News


Palo Alto residents find themselves victims of tax scam

Criminals use identity theft to file for refunds using others' Social Security numbers

When Ken and Michele Dauber tried to file their tax return in April, the Palo Alto couple learned that someone else had beaten them to the punch. An unknown person had used their identity to claim an $85,000 refund. The Internal Revenue Service was about to cut the scammer a check.

The Daubers were not alone. Palo Alto police have received 17 complaints of identity-theft income-tax fraud so far this year. That's up from 11 for all of 2014, police spokesman Lt. Zach Perron said. Menlo Park police have handled 15 cases so far this year; there were 11 in 2014, police spokeswoman Nicole Acker said.

The Internal Revenue Service (IRS) estimates that $5 billion is lost each year due to tax fraud and improper payments.

The Daubers said they tried to filed their return electronically on April 12, only to be told "they" had already filed.

"They clearly had last year's return to log in (for online filing)," Michele said of the scammers. "The IRS asks questions about your tax filing to log into your identity. You realize, 'Oh my God -- they have all of the info to get credit cards.'"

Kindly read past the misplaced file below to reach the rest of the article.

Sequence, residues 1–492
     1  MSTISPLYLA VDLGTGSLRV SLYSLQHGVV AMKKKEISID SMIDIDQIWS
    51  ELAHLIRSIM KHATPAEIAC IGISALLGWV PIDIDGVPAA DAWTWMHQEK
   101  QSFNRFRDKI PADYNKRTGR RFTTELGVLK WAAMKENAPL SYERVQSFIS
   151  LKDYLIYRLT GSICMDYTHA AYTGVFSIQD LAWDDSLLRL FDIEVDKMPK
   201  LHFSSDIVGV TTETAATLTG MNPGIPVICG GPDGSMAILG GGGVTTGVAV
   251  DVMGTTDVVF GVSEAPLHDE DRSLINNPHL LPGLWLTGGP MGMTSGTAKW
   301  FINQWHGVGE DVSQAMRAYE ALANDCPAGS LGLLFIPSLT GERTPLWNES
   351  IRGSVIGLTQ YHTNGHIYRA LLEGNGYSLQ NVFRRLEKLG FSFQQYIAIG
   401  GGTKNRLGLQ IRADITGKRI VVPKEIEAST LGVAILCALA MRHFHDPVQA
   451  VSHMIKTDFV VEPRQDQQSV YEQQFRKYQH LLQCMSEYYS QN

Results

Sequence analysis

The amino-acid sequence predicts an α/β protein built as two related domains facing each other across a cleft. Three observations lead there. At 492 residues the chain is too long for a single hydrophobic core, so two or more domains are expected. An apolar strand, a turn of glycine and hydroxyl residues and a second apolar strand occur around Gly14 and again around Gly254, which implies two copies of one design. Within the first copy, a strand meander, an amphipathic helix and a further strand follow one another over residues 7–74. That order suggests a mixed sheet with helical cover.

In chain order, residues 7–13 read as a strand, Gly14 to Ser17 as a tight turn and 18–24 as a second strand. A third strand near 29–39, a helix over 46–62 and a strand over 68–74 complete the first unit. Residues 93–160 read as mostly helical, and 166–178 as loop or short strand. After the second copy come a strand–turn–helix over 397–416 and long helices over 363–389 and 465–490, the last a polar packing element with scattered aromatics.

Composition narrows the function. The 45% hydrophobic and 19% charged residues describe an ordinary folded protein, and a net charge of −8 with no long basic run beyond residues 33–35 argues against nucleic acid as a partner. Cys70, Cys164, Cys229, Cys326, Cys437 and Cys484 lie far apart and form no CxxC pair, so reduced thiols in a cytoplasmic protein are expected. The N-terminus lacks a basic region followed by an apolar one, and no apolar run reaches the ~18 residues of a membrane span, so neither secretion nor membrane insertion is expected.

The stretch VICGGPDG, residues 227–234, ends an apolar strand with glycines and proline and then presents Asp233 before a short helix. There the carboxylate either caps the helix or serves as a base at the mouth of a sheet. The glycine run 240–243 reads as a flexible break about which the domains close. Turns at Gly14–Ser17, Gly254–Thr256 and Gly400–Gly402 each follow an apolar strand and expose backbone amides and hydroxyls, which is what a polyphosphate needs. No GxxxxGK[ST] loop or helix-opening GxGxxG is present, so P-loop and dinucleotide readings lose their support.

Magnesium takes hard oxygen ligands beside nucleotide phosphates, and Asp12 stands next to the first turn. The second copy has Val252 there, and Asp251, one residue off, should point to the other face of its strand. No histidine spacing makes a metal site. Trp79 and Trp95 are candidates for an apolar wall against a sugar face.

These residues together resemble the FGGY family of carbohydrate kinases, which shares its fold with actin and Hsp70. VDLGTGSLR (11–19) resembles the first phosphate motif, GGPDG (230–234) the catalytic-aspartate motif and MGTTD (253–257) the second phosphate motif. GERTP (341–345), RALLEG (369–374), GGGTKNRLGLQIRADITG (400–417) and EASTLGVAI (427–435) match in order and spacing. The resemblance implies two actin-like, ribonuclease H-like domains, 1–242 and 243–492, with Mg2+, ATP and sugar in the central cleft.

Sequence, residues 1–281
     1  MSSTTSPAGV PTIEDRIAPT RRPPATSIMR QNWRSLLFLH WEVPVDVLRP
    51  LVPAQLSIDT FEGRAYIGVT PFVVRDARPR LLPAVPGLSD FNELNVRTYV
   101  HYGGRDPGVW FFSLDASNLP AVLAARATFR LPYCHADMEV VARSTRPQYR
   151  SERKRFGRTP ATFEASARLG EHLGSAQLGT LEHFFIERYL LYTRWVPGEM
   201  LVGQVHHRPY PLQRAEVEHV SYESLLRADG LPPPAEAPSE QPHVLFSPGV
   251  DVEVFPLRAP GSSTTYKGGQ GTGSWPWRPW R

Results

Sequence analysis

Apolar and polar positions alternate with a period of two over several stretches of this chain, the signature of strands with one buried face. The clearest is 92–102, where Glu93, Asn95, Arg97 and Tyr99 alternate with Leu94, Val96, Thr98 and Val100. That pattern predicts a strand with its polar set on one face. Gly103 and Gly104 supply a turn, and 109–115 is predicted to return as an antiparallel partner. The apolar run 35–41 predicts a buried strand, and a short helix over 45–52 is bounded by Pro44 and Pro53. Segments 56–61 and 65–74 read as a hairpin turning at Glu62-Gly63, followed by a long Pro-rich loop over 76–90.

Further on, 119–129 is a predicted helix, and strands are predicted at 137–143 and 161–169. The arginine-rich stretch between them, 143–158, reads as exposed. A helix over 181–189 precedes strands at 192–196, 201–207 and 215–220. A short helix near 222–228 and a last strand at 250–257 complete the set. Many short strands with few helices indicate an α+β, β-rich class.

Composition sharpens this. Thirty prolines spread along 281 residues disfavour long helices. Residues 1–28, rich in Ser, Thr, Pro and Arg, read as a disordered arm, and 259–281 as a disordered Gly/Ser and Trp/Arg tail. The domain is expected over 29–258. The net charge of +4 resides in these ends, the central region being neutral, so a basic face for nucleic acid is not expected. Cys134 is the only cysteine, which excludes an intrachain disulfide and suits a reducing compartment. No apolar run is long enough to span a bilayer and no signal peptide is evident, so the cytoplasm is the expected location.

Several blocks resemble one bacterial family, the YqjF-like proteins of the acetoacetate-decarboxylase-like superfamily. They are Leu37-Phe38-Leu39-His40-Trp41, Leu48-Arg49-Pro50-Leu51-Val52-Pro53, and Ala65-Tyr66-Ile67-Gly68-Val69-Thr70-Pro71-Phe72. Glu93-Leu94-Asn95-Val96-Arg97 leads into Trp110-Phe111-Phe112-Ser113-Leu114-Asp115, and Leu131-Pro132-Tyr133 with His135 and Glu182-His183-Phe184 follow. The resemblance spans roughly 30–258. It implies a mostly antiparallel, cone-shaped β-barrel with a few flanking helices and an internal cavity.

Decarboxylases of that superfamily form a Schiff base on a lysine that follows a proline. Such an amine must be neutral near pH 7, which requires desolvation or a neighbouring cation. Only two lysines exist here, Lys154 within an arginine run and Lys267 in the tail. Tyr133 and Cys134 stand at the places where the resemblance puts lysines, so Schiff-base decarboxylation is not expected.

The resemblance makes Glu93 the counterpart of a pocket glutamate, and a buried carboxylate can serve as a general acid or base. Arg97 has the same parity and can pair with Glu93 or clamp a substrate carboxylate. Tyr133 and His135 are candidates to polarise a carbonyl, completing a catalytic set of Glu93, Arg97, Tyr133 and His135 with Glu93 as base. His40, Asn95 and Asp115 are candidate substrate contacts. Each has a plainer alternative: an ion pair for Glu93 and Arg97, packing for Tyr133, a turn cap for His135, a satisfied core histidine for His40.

Someone also tried to get into their bank account about the same time the Daubers were learning of the bogus tax return. Ken had tried to log into their account and was denied access after the credit union detected three log-in attempts with the wrong information, Michele said. The Daubers went to their bank and created passwords with special codes. They prepared their tax return immediately in paper form before April 15 -- they owed money this year -- and mailed it in, she said.

The couple also filed a police report.

Ken said in the future he will file paper returns or use the IRS online filing system. The IRS will provide a PIN number associated with their return to identify the filer.